Blockchain holds the potential to help us be more transparent and transform how the food industry works by speeding up investigations into contaminated food, authenticating the origin of food, and providing insights about the conditions and pathway the food traveled to identify opportunities to maximize shelf life and reduce losses due to spoilage,” said Ed Treacy, Vice President of Supply Chain Efficiencies at the Produce Marketing Association.

Governance

IBM Food Trust uses a decentralized model for multiple participating members of a food supply chain – from growers to suppliers to retailers – to share food origin details, processing data and shipping information on a permissioned blockchain network. Each node on the blockchain is controlled by a separate entity. All data on the blockchain is encrypted. The decentralised features of the network enable participants to work together to ensure the data is trusted.

As one of the largest and most active enterprise blockchain networks in production to date, IBM Food Trust members pioneered a comprehensive governance model for this network to ensure the management and protection of all rights and information of all participants. The governance model assures every member observes and operates via the same set of rules. Blockchain network management considerations have been addressed, including data entry, membership, interoperability and security and hardware requirements. These provide a consistent way to standardise data.

The power of IBM Food Trust is in bringing together not only retailers and suppliers but also the rest of the ecosystem touching our food supply,” said Natalie Dyenson, vice president, Food Safety & Quality, Dole. “For example, Dole is working with Centricity, a grower-owned partner, to connect audit data to the blockchain by leveraging the Trellis framework as a standard for the produce industry, using existing formats and processes. By simplifying on-farm and front-office reporting and putting data on the blockchain, IBM Food Trust has helped Dole unlock the value of compliance data across our suppliers and partners in a cost-effective way.

Technology base and availability

IBM Food Trust is now available globally. It runs on the IBM Cloud with its enterprise-class security, reliability and scalability.

Its foundation relies on Hyperledger Fabric, an open source blockchain framework hosted by the Linux Foundation. In addition, the network includes compatibility with the GS1 standard used by much of the food industry to ensure interoperability for traceability systems.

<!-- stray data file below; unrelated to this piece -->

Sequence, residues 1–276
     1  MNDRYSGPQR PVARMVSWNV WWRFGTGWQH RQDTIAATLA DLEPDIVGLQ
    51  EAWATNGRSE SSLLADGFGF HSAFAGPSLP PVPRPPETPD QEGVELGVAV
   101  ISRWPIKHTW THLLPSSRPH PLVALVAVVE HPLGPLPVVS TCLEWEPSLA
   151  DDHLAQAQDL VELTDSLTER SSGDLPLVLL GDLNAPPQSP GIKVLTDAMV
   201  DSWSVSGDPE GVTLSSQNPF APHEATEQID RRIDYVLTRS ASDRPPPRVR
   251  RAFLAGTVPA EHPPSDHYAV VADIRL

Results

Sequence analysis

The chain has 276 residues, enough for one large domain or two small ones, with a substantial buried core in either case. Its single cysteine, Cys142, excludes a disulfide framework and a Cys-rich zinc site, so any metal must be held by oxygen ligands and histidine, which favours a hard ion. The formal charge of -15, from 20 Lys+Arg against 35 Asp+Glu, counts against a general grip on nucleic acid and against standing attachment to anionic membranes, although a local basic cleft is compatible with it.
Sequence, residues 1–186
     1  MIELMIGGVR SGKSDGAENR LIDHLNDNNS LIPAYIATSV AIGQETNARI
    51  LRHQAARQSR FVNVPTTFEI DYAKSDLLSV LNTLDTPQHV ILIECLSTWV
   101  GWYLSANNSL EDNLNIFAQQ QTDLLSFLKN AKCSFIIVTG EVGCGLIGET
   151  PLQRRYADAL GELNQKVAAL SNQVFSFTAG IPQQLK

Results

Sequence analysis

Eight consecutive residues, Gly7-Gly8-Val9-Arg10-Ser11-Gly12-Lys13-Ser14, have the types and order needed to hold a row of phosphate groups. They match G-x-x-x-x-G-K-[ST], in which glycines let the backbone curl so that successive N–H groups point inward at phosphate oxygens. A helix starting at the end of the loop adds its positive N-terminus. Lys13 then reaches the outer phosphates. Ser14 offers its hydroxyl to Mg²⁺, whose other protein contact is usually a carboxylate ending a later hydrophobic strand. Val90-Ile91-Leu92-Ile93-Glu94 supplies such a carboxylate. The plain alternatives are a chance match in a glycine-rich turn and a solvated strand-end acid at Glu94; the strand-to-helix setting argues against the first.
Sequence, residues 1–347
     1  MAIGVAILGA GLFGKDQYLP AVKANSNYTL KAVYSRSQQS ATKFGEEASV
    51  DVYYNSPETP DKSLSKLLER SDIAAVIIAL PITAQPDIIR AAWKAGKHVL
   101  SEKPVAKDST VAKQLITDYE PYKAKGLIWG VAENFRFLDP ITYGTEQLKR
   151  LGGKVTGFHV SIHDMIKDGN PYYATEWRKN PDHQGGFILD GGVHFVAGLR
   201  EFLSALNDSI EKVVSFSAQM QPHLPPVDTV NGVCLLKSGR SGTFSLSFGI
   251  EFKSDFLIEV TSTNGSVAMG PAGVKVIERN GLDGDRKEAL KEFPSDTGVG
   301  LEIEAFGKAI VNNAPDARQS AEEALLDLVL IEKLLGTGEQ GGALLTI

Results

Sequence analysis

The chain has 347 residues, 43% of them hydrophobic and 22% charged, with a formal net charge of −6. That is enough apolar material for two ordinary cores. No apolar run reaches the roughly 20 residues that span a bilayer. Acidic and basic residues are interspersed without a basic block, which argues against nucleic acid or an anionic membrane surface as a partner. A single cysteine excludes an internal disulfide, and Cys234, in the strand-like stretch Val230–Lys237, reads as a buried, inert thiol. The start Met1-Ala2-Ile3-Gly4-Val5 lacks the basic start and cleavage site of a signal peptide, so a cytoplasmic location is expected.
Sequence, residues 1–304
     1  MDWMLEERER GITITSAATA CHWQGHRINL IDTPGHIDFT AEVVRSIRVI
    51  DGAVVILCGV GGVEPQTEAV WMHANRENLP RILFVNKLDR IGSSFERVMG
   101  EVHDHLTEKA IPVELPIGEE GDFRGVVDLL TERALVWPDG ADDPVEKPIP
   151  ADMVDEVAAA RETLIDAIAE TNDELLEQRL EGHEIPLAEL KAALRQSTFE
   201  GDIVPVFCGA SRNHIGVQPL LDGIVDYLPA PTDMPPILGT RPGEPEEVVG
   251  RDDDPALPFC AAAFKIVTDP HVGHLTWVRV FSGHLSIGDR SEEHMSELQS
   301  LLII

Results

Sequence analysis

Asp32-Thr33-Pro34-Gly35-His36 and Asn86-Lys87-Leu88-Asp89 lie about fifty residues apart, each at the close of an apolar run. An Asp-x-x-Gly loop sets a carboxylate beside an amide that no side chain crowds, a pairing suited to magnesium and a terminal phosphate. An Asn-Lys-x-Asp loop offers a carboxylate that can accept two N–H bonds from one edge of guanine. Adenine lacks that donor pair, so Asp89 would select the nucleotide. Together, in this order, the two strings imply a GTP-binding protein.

Participants can select from three IBM Food Trust software-as-a-service modules with pricing appropriate to small, medium and global enterprises.

  • a ‘Trace’ module enables members of a food ecosystem to trace products in seconds. This assists with mitigating cross-contamination, avoiding the spread of food-borne illness and reducing unnecessary waste
  • a ‘Certifications’ module helps verify the provenance of digitised certificates, such as organic or fair trade. This enables participants across the ecosystem to load, manage and share food certifications digitally as well as speed up certificate management by up to 30 percent
  • a ‘Data entry and access’ module which allows members to upload, access and manage data on the blockchain.

IBM Food Trust is available as a subscription service for members of the food ecosystem. The least expensive begins US$100/month. Suppliers can contribute data to the network at no cost.

Enterprise Times: what does this mean

An important aspect of IBM Food Trust is that organisations which upload data continue to own the data. The data owner is the only ‘entity that can provide permission for data visibility or sharing. This is a rational approach.

Indeed, what stands out is how well the IBM Food Trust blockchain approach fits Enterprise Times’ five criteria against which to assess possible blockchain initiatives. Blockchain glamour may lie in fancy fintech solutions; the practical is happening in and across logistics and supply chains – like with IBM Food Trust. And we may all end up healthier for it.